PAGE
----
There’s limited research on how long CBD stays in one’s urine. In a 2016 study, researchers from Pacific Toxicology Laboratories in California administered different CBD-rich cannabis products to a controlled group of 15 volunteers.
After two hours from the administration, 14 out of 15 participants tested positive for CBD and THC metabolites. The research team followed one participant after the last day of treatment to find out that he needed only 24 hours to flush CBD out of his body.
Does CBD Interact With Other Drugs?
Yes, CBD-drug interactions are a real thing. It may either speed up or prolong the time it takes to get rid of CBD from the body.
CBD is both a substrate and inhibitor of CYP450 enzymes, which are responsible for metabolizing active substances in drugs. Therefore, it could interfere with the metabolism of many drugs.
If you take any medication, we recommend that you consult your doctor to avoid potential interactions and maximize the results of your supplementation.
What About Breastfeeding? Will CBD Pass Into Your Baby’s System?
Doctors don’t recommend using CBD while breastfeeding. According to gynecologists, you should avoid using CBD for at least 1 week before you start breastfeeding.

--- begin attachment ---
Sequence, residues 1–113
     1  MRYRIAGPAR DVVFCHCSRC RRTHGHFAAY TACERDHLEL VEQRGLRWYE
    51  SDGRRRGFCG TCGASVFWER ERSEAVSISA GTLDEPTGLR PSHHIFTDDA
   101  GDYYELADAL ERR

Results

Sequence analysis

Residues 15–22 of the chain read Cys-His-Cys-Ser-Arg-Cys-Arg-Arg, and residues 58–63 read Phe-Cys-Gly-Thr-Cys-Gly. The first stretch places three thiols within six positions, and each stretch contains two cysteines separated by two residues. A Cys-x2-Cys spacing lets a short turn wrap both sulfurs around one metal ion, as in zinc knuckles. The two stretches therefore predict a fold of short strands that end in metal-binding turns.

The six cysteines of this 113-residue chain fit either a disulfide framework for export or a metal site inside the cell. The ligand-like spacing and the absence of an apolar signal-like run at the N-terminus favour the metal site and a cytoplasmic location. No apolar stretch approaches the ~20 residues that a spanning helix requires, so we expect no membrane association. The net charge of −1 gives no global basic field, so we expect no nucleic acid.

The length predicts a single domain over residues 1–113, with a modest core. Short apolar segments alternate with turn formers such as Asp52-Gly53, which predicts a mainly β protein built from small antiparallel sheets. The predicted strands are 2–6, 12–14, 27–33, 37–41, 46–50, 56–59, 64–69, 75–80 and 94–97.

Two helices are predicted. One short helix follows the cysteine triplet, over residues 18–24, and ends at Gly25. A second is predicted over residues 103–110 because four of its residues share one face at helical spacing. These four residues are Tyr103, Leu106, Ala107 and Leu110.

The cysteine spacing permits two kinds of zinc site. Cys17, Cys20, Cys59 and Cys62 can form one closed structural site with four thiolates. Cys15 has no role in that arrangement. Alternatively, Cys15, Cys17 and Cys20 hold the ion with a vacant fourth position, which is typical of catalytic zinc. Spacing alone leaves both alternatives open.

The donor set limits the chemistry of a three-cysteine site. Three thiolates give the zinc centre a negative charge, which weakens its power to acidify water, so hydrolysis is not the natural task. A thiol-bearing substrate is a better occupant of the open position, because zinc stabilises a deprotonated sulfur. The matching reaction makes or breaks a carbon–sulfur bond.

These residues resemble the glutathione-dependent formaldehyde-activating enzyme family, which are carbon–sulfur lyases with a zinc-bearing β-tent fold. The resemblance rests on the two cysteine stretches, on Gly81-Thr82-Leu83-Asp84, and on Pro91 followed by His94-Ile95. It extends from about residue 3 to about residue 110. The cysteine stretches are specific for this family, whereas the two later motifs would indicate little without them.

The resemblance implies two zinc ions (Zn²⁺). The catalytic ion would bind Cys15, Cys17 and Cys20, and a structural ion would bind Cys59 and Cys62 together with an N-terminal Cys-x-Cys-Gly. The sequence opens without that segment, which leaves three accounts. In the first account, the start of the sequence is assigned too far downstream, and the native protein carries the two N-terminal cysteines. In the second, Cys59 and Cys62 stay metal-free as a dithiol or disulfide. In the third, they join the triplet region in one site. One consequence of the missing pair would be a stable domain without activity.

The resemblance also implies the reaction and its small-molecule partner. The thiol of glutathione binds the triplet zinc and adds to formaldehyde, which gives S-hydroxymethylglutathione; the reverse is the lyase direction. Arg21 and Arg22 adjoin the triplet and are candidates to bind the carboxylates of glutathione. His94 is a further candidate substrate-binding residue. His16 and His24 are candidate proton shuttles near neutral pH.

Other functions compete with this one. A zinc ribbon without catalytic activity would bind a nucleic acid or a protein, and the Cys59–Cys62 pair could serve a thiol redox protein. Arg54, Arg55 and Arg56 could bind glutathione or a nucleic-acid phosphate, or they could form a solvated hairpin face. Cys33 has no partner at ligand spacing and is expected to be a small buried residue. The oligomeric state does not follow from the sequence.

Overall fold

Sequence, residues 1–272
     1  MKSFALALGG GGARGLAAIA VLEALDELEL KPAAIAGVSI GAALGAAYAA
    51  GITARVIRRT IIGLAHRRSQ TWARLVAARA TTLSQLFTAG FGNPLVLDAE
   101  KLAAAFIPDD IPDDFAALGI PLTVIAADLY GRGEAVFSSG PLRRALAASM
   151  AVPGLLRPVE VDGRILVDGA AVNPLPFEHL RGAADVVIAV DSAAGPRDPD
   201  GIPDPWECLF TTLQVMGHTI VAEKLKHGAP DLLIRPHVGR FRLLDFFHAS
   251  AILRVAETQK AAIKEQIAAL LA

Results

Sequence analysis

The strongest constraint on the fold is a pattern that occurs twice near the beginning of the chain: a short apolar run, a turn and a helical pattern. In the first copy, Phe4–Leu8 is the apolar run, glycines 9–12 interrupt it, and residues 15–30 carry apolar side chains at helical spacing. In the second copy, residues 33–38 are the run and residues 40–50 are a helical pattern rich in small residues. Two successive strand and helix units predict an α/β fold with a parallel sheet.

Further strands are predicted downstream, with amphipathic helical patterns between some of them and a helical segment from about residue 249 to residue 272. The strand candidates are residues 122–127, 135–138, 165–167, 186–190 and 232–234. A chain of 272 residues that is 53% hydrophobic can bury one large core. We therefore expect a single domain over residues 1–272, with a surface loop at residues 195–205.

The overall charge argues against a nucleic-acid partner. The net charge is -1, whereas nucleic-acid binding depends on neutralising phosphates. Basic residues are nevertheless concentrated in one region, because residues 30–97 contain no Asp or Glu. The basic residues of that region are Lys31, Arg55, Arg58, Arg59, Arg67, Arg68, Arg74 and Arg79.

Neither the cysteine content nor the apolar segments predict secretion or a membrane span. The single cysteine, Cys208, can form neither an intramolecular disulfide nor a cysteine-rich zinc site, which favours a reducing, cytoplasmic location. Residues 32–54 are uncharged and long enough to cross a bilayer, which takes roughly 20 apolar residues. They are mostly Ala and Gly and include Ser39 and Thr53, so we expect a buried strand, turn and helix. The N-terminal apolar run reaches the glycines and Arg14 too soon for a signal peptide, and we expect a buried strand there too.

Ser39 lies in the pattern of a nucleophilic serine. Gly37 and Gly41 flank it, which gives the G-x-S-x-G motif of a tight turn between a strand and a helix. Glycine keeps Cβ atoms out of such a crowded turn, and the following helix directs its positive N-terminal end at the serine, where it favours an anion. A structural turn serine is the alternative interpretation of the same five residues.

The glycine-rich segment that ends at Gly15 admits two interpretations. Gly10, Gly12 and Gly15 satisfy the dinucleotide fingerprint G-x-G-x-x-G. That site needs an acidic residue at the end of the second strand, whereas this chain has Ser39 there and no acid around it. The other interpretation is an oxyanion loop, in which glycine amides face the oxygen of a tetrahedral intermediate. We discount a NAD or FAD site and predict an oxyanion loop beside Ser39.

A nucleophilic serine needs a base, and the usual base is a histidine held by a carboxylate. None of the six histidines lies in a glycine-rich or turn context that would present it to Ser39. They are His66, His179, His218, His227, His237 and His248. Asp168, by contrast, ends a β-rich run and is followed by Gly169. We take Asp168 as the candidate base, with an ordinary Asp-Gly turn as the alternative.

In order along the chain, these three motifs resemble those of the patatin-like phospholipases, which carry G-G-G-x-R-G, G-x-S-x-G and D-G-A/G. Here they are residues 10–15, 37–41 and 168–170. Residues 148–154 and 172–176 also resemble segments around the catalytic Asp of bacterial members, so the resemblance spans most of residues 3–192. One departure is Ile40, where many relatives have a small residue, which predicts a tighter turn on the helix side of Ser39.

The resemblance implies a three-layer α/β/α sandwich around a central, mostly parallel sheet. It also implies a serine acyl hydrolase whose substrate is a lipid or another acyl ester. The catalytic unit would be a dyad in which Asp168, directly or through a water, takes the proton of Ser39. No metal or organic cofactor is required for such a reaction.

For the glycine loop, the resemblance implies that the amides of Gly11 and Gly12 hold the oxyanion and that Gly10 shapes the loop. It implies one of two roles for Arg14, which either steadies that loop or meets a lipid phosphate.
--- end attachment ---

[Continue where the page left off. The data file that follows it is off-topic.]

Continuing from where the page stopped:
The Food And Drug Administration (FDA) strongly opposes the use of CBD during breastfeeding due to the lack of thorough research on the effects of CBD on breastfed babies. We only know that some CBD can pass into a baby’s bloodstream through milk.
Until experts know more, it’s safe to avoid using CBD while pregnant or breastfeeding.
Summing it All Up: How Long Does CBD Oil Stay In Your System?
Single-use of low-to-moderate doses of CBD doesn’t stay in your system for more than one day. Even high doses of CBD should be out of your body within a week.
However, if you’re a regular user, CBD may take a week or more to get completely flushed out of the body. This is caused by the fact that CBD levels tend to build up over time in the bloodstream and fat tissue.
How long CBD oil will stay in your system depends on several factors, including dosage, frequency of use, consumption method, and the use of other medications.
Factors such as age, weight, and metabolism are also important for estimating the time CBD leaves your body.